Which Medical Equipment Have Radiation And How can We Protect Patients from It

Radiation is a big concern for the medical team while treating patients. Medical equipment used to treat the patients can be a severe issue if the testing device itself can cause another disease due to the harmful radiation emitted by this equipment. One cannot control the use of this equipment while diagnosing the patients. We cannot stop using this equipment as it is essential to diagnose health. Still, we can reduce the harmful radiation from affecting the human body with the proper measures while handling this equipment to a certain extent.

Radiation protection protections rulesĀ 

Many organizations have implemented the radiation protection act to reduce unnecessary radiation exposure while treating the patient. The protection act was established to minimize the harmful effects of ionizing radiation. In medical terminology, ionizing radiation has become a tool one cannot escape, and it is used to diagnose and treat a variety of medical conditions. The cumulative doses of lifetime radiation that both patients and medical providers receive have evolved as its uses have evolved. Radiation exposure in medical settings has most commonly arisen from the rays used by the x-rays to obtain dynamic and cinematic functional imaging. It is essential that formal radiation protection training needs to be conducted regularly that help reduces radiation exposure to medical staff and patients.

Radiation protection training

Nowadays, radiation protection training has become mandatory in various reputed hospitals before handing over the equipment to the lab expert. Before we dig deeper into how the radiation emitting from these equipment affects us, One needs to understand the basic science behind this radiation on the human body. If it is ignored in the long term, it might cause a severe effect on the human body. Like X-rays are composed of high energy photons inside the electromagnetic spectrum. X-rays are notable compared to lower energy photons, and the rays generated from them are powerful enough to break molecular bonds and ionize atoms. This ionization produces free radicals, chemically active compounds that can indirectly damage the DNA of the human body.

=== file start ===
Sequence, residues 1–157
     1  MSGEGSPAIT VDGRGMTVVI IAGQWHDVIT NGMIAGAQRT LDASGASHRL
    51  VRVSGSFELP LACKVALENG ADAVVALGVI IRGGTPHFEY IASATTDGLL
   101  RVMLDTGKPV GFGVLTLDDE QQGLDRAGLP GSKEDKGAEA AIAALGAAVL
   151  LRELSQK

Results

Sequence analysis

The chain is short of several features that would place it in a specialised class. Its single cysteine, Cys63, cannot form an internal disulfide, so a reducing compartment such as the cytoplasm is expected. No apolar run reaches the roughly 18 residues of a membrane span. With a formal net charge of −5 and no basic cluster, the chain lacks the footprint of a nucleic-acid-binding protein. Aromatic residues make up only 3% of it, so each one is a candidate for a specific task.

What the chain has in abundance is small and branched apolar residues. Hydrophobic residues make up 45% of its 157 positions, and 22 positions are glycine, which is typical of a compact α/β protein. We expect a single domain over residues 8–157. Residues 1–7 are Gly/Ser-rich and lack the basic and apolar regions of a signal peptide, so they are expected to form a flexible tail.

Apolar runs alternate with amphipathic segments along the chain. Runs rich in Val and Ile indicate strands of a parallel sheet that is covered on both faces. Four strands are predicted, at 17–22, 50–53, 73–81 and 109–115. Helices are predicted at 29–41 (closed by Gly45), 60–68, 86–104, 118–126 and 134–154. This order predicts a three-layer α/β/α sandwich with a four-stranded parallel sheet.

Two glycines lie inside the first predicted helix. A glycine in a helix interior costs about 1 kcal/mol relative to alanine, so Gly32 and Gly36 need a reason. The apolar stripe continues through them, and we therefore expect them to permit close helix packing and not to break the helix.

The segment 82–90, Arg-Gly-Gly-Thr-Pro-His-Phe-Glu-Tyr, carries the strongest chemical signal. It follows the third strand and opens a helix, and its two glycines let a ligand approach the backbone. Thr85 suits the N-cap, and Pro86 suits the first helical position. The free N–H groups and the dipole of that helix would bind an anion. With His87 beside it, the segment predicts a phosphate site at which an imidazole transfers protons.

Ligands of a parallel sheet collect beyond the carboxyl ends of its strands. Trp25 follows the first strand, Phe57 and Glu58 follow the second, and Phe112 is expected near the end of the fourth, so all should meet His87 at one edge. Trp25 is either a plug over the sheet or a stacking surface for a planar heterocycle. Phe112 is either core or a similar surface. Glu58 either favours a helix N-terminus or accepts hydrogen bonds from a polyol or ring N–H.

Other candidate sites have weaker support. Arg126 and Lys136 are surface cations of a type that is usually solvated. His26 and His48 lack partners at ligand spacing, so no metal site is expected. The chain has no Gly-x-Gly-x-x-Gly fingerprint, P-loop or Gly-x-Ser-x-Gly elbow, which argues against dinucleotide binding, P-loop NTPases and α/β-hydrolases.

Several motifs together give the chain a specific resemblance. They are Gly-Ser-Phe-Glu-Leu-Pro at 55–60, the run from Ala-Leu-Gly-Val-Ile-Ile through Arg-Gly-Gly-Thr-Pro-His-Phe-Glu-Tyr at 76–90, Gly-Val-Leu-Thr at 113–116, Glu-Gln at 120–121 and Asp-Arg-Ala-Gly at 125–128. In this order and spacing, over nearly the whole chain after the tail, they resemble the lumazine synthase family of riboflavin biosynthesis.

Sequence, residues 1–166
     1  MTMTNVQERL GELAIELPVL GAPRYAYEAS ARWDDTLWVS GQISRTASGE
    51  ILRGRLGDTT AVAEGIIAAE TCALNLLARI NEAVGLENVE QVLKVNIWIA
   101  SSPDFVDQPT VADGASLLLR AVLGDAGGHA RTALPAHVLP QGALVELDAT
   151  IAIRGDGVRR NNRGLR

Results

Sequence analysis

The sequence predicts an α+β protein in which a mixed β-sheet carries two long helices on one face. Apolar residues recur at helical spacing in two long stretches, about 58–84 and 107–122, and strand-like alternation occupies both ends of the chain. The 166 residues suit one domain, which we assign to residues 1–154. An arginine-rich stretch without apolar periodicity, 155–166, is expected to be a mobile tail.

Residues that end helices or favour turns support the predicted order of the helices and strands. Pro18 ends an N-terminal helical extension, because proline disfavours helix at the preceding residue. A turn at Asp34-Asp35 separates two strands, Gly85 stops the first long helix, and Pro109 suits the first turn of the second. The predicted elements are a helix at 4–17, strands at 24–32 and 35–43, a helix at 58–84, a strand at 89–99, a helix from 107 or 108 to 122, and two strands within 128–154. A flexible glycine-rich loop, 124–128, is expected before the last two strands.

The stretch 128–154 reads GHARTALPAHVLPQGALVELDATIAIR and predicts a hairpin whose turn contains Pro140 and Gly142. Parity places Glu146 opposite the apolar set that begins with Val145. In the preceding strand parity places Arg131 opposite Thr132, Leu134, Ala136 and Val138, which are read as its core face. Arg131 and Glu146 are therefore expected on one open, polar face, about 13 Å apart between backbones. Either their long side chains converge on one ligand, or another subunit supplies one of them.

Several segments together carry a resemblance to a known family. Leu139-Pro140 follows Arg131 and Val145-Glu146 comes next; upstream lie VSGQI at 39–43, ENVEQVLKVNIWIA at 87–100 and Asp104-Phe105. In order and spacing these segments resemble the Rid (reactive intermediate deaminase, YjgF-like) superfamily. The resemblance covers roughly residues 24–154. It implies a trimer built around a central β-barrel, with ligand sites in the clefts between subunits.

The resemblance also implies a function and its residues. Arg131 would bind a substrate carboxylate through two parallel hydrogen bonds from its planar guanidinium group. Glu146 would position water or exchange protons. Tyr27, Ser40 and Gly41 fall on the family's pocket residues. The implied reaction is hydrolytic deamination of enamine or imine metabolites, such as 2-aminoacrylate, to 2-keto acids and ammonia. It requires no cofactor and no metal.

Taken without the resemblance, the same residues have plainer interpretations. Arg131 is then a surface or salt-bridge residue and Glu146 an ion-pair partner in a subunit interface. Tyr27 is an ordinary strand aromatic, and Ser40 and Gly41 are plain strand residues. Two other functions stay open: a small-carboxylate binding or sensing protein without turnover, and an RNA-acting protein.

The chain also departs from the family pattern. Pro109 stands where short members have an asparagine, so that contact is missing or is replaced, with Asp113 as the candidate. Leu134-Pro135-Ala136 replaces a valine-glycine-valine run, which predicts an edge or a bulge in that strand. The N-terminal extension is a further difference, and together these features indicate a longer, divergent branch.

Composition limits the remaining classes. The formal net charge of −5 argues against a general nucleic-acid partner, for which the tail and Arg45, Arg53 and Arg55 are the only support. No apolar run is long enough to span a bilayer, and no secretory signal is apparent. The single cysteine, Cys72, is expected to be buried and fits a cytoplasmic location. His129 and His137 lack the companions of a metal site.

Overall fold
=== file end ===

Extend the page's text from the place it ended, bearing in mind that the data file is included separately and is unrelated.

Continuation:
Effects caused by the radiation

There are some noticeable effects caused by the radiation, like the damage of the cells that comes in direct contact with the radiation, and the wound takes a long time to heal, hair loss and, in severe cases, thyroid. The thyroid gland needs iodine to produce hormones that generate energy in the body and help in metabolism. When radiation is hit, it absorbs whatever it can during radiation as it cannot differentiate between stable regular iodine and radioactive iodine. It acts as thyroid protection from radiation.

In most nuclear accidents cases, radioactive releases iodine into the atmosphere, absorbed by the body. When the thyroid cells absorb too much radioactive iodine, it leads to thyroid cancer. Babies and young children are at the highest risk from this radiation. During such a situation, potassium iodide is used to protect or block the thyroid from irradiation. It is also known as thyroid blocker, taking potassium iodide (KI) 1 just before exposure to radioactive. As the iodine blocks the harmful radioactive by the thyroid gland, thus reducing exposure of the thyroid to internal radiation.